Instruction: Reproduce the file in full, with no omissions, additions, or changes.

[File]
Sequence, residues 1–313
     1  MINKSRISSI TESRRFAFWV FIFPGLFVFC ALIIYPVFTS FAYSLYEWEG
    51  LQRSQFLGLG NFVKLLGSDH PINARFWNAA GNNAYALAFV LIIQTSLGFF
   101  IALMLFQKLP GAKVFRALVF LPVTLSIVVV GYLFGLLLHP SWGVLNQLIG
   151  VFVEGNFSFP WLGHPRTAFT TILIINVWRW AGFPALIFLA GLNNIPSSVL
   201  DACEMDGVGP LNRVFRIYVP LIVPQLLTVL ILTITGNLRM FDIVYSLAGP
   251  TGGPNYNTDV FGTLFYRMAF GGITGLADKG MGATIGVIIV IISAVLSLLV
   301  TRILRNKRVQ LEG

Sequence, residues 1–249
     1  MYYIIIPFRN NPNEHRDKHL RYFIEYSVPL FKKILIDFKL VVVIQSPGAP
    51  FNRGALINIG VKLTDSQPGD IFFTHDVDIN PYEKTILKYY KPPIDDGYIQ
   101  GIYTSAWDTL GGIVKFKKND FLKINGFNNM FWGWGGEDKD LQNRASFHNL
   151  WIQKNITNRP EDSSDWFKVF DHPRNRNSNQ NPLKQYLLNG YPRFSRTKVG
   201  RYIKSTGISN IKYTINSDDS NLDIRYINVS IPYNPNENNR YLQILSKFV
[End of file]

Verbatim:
Sequence, residues 1–313
     1  MINKSRISSI TESRRFAFWV FIFPGLFVFC ALIIYPVFTS FAYSLYEWEG
    51  LQRSQFLGLG NFVKLLGSDH PINARFWNAA GNNAYALAFV LIIQTSLGFF
   101  IALMLFQKLP GAKVFRALVF LPVTLSIVVV GYLFGLLLHP SWGVLNQLIG
   151  VFVEGNFSFP WLGHPRTAFT TILIINVWRW AGFPALIFLA GLNNIPSSVL
   201  DACEMDGVGP LNRVFRIYVP LIVPQLLTVL ILTITGNLRM FDIVYSLAGP
   251  TGGPNYNTDV FGTLFYRMAF GGITGLADKG MGATIGVIIV IISAVLSLLV
   301  TRILRNKRVQ LEG

Sequence, residues 1–249
     1  MYYIIIPFRN NPNEHRDKHL RYFIEYSVPL FKKILIDFKL VVVIQSPGAP
    51  FNRGALINIG VKLTDSQPGD IFFTHDVDIN PYEKTILKYY KPPIDDGYIQ
   101  GIYTSAWDTL GGIVKFKKND FLKINGFNNM FWGWGGEDKD LQNRASFHNL
   151  WIQKNITNRP EDSSDWFKVF DHPRNRNSNQ NPLKQYLLNG YPRFSRTKVG
   201  RYIKSTGISN IKYTINSDDS NLDIRYINVS IPYNPNENNR YLQILSKFV